Television

Consensus eludes CAS task force

NEW DELHI: As they say in cricket, something's about to give way.

Either the Indian government will buckle under pressure from various factions of the broadcasting and cable industry on the issue of basic tier's price, or it may just go ahead and declare the price. The likelihood of the latter happening on Tuesday is high.

The task force meet on conditional access held today, once again, failed to arrive at a consensus on the issue of pricing of the basic tier and the parameters taken to arrive at various figures being bandied around.

The chairman of the task force is understood to have conveyed to other members, specially cable ops, that if there is no unanimity on the pricing issue in the meet tomorrow, then the government would have no choice but to go ahead with the figure cobbled together by the finance ministry- Rs 45.90 (exclusive of local and entertainment taxes) --- even if certain sections feel the figure is far removed from ground realities.

The government has also told all stakeholders that the details of costs, backed by relevant documents, should be submitted for a final round of hearing on the cost issue by 11 am tomorrow.

The frustration and confusion in the task force is evident from the fact that a survey undertaken by an independent body- Becil/ORG Marg- too has not been able to bring smiles on everybody's face. Rather the report done at the behest of the government and the industry was today literally shredded to pieces by the cable operators in the task force.

According to Rakesh Dutta, an independent cable op and a task force member, "The way things are moving, it is becoming increasingly difficult to arrive at any consensus. The cost of the basic tier being suggested by the government and others would not be acceptable to cable ops who'll have no option but to down shutters and suspend cable services." Other cable operators also echoed similar sentiments.

Some of the figures and data presented in the survey are quite contrary to what the cable industry has been representing, it seems. For example, on the issue of cable ops use using standardised equipment, the report states that in cities like Delhi and Kolkata mostly local equipment sans the ISI mark are used, while in Mumbai in certain pockets branded products are used.

The survey, according to some figures made available to indiantelevision.com, states that a franchisee cable operator in Mumbai on an average has 2,555 subscribers per sq. km, while the corresponding figures in Delhi is 1031, Kolkata 1266 and Chennai 1383.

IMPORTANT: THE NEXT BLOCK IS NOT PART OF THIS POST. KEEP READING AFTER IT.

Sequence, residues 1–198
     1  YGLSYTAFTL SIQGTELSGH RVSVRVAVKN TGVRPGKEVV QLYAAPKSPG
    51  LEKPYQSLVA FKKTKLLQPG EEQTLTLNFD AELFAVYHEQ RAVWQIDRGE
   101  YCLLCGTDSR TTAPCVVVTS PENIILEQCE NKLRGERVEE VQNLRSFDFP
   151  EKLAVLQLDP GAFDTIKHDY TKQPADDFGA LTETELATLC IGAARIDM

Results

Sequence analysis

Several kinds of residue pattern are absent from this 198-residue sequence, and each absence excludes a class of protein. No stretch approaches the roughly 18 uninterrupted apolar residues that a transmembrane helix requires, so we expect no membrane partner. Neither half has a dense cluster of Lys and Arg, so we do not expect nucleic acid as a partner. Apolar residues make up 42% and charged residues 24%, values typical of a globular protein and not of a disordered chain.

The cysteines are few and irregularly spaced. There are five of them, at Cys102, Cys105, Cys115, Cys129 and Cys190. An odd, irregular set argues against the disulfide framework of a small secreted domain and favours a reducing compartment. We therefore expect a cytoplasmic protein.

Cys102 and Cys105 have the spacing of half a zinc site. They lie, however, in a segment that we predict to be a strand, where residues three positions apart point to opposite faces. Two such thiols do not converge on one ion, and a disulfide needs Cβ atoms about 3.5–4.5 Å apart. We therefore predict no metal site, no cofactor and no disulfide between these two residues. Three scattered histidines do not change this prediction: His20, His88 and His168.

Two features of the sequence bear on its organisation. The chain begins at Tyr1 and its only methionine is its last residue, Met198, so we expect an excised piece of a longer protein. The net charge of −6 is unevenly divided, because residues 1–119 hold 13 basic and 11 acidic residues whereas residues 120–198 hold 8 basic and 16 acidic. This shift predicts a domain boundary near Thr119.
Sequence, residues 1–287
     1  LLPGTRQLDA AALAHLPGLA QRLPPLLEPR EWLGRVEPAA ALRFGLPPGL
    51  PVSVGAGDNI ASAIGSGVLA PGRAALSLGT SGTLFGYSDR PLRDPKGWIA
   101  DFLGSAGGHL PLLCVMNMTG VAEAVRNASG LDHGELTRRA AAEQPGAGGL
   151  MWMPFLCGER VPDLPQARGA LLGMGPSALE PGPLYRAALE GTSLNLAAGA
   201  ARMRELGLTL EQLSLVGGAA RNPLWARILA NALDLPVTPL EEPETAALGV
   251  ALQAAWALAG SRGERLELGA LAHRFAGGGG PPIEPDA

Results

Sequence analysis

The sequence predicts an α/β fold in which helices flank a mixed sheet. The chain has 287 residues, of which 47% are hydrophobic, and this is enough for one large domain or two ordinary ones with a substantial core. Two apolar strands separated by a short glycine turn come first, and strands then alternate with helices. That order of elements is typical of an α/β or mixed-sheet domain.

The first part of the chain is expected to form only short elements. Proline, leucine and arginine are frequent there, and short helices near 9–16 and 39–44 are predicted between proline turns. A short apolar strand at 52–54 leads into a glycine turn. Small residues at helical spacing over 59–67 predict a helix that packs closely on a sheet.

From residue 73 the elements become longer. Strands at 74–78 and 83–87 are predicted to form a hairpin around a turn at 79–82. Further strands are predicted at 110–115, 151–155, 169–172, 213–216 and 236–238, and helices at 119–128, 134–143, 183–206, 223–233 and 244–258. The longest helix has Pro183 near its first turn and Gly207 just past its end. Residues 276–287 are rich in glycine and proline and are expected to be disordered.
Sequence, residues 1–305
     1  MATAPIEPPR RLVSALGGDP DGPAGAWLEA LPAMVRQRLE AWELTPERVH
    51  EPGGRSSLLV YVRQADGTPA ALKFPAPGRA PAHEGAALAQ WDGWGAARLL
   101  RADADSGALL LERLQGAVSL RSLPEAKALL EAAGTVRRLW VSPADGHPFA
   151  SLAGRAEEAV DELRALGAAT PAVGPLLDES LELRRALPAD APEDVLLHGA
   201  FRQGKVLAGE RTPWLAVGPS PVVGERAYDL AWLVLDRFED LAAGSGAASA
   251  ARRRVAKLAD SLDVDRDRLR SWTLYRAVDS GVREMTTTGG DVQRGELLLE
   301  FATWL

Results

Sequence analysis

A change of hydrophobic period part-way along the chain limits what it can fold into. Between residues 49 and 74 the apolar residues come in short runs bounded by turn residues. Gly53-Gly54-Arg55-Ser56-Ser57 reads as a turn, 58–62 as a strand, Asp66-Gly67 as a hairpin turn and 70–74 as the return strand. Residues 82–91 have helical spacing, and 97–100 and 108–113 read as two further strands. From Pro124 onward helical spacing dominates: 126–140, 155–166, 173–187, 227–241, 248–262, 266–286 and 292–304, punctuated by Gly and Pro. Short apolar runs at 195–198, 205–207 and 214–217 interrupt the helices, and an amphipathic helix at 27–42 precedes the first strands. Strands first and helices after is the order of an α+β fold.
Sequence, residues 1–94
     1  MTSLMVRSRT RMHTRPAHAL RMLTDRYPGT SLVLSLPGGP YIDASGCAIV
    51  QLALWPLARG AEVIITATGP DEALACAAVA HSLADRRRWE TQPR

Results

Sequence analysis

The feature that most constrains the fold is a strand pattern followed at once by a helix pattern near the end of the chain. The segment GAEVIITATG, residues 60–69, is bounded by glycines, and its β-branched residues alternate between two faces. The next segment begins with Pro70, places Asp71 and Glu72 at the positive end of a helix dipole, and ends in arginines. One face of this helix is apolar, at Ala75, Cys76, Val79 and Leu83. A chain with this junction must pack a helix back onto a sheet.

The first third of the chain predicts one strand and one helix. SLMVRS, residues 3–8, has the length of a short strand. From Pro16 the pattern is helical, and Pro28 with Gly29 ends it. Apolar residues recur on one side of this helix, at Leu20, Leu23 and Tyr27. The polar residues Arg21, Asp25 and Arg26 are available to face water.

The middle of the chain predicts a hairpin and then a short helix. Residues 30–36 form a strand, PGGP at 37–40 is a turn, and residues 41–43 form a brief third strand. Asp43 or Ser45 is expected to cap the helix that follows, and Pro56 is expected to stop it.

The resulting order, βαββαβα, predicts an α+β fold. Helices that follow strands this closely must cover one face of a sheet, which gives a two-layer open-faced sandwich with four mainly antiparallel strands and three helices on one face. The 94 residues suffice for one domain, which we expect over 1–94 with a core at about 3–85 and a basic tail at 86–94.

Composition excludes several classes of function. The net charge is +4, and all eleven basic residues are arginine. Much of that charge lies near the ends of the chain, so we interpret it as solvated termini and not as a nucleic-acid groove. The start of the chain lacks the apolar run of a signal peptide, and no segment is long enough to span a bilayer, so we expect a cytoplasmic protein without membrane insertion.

It seems the ORG-Marg conducted survey for Becil is highlighting the fact that cable operators do have large subscriber bases, but their cost is not much as being proclaimed. Reason: standardised equipment is not used by all. In case of Chennai, for example, the report states that no details were forthcoming where equipment and their standardisation was concerned.

Though some representatives of broadcasting organisations did raise doubts over the authenticity of the survey and its findings, the doubts were laid to rest quickly as the chairman is understood to have said that the terms of reference for the survey was limited and decided upon earlier.

Interestingly, the lone person representing free to air channels in the task force, Sahara TV president Mahesh Prasad, raised an important issue: carriage fee for free to air channels in the basic tier.

Prasad, rightly so, pointed out that post-CAS it should be ensured that free to air channels don't have to pay carriage fees (mostly to MSOs) considering the minimum number of channels in the basic tier is being specified at 30.

Though the issue did not receive the attention it should have, in days to come carriage fee would rear its head as channels would jostle with one another to occupy limited bandwidth and capacity of an average TV set to receive the number of channels.

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